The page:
Calls for a more robust U.S. policy toward China are heard whenever tensions run high on the Korean Peninsula. As North Korea’s biggest trading partner by far and one of the isolated regime’s only allies, it has long been acknowledged in the West that changing North Korean behavior, particularly its nuclear behavior, will only become possible through peaceful means when China becomes truly committed to that goal.
It should come as little surprise, then, that new measures designed to increase pressure on Beijing appear to be in the works. On September 28, Ambassador Daniel Fried, the State Department’s coordinator for sanctions policy, and Assistant Secretary of State for the Bureau of East Asian and Pacific Affairs Daniel R. Russel gave testimony before a Senate subcommittee that declared “global sanctions work is being compromised because of China’s economic relationship with North Korea” and was eager for more aggressive action. Fried indirectly admitted when pressed that a number of Chinese financial entities were under State Department investigation for potential ties to sanctioned North Korean businesses, and stated that “a change in China’s behavior is a prerequisite to a change in North Korea’s behavior.” Days before the committee hearing, Washington moved to sanction Dandong Hongxiang Industrial for business conducted with a North Korean bank accused of complicity with the regime’s nuclear and missile programs.
While the State Department officials asserted that “the trend line of China’s cooperation with the international community and its implementation efforts is improving,” the Obama administration has struggled to get China more fully on board with reigning in Pyongyang’s nuclear program. Even after the nuclear test conducted in January, which saw China back the toughest set of international sanctions yet against North Korea and agree to cargo inspections for everything moving in or out of the country, enforcement of penalties has remained an ongoing issue. This August, for example, saw a surge in North Korean exports through the Chinese city of Dandong, just across the Yalu River Bridge from North Korea. Chinese steel exports have also spiked in recent months.
The reasons for Beijing’s hesitancy to apply more pressure on its unpredictable ally on the Korean Peninsula, organized around a desire for regime stability, are well established. The theme that emerged from Fried and Russel’s testimony is that those reasons are no longer sufficient given the accelerated pace and intensity of the North Korean nuclear threat. Ultimately, the increased focus on China, across a variety of fronts, is a natural extension of thinking for U.S. policymakers. The extremely isolated DPRK economy has confronted Washington with the uncomfortable fact that the sanctions belt can only be tightened so much without an extra pull from Beijing. Both officials were pressed about potential new courses of action that would up the ante for China, from calls for the sanctioning of Chinese banks that handle DPRK funds to complete bans on Beijing’s importation of North Korean coal and iron ore (coal exports are one of Pyongyang’s single largest revenue generators).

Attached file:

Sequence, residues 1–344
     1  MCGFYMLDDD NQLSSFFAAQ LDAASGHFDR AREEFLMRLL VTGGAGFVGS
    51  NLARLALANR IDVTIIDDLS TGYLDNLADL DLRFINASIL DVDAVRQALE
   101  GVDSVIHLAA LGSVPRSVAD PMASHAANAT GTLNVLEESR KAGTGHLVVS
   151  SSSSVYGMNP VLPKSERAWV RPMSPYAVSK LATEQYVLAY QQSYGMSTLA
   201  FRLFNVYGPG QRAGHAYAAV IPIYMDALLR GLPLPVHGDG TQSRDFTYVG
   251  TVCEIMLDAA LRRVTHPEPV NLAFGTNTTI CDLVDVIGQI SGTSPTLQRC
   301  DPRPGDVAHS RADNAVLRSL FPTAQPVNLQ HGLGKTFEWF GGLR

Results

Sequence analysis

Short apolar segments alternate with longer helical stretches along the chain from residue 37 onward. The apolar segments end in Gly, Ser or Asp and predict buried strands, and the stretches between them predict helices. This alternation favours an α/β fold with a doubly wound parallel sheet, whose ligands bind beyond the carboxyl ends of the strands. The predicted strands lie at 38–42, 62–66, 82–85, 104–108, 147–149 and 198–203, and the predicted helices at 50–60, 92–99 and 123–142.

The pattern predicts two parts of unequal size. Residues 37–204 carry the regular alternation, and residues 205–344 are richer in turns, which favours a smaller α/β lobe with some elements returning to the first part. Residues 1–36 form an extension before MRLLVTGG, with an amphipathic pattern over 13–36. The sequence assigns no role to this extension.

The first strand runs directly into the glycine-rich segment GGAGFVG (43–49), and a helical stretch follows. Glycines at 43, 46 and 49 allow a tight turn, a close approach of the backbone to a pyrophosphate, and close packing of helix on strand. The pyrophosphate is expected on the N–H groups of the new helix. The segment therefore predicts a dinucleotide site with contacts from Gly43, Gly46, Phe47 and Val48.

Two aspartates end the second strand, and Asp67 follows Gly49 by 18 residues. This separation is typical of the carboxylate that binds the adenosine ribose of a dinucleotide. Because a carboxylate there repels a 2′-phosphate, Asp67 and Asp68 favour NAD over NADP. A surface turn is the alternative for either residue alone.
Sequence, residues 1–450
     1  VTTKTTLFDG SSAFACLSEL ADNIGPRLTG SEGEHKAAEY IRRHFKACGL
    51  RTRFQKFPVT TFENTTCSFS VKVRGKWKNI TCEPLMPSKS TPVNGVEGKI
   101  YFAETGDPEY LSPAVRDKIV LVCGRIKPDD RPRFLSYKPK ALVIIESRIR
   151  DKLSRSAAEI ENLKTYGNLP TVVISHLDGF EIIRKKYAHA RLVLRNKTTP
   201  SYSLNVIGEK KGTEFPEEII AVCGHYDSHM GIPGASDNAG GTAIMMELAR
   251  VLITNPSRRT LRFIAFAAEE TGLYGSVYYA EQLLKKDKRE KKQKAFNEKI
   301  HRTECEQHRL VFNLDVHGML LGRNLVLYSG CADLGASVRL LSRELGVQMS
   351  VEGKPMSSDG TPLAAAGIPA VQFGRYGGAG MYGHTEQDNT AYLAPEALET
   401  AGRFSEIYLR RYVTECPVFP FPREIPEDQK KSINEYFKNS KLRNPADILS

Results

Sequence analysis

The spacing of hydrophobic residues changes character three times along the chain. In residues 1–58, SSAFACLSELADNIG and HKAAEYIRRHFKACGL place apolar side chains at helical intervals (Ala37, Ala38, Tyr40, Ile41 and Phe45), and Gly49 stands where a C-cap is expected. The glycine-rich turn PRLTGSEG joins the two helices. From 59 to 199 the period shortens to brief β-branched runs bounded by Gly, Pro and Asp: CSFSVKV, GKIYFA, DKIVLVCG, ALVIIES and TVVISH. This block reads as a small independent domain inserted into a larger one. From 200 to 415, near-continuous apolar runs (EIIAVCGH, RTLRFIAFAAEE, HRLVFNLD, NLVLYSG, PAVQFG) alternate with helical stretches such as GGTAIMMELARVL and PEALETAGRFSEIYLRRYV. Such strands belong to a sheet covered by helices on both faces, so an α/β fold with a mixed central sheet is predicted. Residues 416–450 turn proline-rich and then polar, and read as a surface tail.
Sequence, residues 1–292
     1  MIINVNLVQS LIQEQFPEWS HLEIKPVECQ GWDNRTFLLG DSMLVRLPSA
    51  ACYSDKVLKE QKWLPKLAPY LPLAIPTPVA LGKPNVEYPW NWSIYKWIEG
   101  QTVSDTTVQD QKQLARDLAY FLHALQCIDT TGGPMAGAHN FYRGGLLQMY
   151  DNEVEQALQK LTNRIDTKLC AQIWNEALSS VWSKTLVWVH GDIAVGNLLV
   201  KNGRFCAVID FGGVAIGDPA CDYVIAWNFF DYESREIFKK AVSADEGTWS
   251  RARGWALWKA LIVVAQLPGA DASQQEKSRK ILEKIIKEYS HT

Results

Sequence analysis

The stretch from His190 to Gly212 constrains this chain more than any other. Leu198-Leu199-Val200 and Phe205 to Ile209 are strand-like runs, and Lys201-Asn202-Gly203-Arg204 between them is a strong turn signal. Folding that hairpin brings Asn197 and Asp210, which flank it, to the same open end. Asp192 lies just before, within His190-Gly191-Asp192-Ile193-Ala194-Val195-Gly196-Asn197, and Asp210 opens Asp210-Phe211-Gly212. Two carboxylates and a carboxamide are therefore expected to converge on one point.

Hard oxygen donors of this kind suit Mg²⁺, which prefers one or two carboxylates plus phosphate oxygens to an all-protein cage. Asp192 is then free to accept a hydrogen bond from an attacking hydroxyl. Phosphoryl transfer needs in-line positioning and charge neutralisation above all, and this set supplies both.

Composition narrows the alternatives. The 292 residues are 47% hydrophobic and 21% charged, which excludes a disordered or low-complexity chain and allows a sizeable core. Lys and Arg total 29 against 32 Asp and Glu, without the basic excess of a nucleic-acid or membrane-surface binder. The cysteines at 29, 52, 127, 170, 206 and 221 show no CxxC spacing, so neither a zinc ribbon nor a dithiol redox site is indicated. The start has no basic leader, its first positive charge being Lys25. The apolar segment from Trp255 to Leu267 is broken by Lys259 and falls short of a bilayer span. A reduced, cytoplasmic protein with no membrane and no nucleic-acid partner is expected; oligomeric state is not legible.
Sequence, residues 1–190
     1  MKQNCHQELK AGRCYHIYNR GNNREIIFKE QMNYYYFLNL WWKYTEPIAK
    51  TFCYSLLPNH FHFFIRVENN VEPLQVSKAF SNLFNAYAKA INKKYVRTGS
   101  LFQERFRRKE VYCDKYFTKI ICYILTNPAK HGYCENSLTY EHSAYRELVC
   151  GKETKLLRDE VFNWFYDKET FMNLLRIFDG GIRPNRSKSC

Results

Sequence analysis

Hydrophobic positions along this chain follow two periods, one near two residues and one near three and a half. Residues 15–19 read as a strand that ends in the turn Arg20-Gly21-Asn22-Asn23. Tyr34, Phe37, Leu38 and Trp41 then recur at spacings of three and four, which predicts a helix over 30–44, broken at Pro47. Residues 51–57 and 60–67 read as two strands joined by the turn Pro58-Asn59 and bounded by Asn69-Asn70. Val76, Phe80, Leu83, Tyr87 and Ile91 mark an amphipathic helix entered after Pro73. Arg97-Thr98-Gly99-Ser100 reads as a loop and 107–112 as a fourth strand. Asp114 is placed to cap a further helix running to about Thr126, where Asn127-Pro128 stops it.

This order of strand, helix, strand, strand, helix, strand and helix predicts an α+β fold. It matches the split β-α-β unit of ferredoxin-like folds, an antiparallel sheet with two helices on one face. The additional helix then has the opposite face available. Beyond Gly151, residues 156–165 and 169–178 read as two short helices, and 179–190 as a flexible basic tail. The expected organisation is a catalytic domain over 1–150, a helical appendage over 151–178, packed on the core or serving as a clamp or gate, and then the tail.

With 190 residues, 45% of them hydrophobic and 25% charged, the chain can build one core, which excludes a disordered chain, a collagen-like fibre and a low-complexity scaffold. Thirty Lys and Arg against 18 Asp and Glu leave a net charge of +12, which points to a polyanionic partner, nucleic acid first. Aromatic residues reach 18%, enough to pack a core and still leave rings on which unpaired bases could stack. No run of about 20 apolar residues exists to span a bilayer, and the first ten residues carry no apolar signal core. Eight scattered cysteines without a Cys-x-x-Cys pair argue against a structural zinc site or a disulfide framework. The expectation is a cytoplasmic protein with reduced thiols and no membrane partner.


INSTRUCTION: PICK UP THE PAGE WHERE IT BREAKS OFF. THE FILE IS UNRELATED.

Fried answered several times throughout the session that a new and updated United Nations Security Council Resolution (UNSCR) would likely be needed to implement these and other policy proposals, and gave a strong indication that is where things are headed for the administration. Fried went so far as to call the UNSCR process “the gold standard” for applying sanctions. UNSCR 2270 was passed in response to the January test earlier this year, and both Fried and Russel touted its successes while saying much more remained to be done.
Russel also suggested the timetable for deploying the U.S. Terminal High Altitude Area Defense (THAAD) system in South Korea had been moved up after the September 9 test. “Given the accelerating pace of North Korea’s missile tests, we intend to deploy on an accelerated basis. I would say as soon as possible,” Russel said when asked about the system.
THAAD, which has been slated for deployment in 2017, will add a strong additional layer to South Korea’s missile defense architecture. China, however, is decidedly unhappy with the system’s advanced radar capabilities, which range far enough to encompass parts of the Chinese mainland, and is even less thrilled with the prospect of deepened commitment to the U.S.-South Korean alliance.
Consternation in Beijing, however, was not enough to prevent the announcement of a THAAD battery deployment to the ROK in the wake of North Korea’s January nuclear test. The combination of its most recent detonation and the assortment of highly destabilizing ballistic missile tests Pyongyang has conducted throughout this year, including the firing of a KN-11 submarine-launched ballistic missile (SLBM) in August that has raised concerns of a potential second-strike capability, has cast light on the merits of sending a second THAAD system to the peninsula. Such a move would ensure more comprehensive coverage of South Korea and improve interceptor efficiency in the event of a saturation bombing style attack from the North. It would also send an unmistakable message to Beijing that the United States will not hesitate to send whatever weapons it deems necessary to defend its allies in the region, and that a greater Chinese commitment to sanctions enforcement is the only way to offset that.
Garth McLennan is a freelance writer and analyst with published work in 38 North, International Policy Digest, and Second Line of Defense: Delivering Capabilities to the Warfighter. He graduated from Arizona State University in 2015.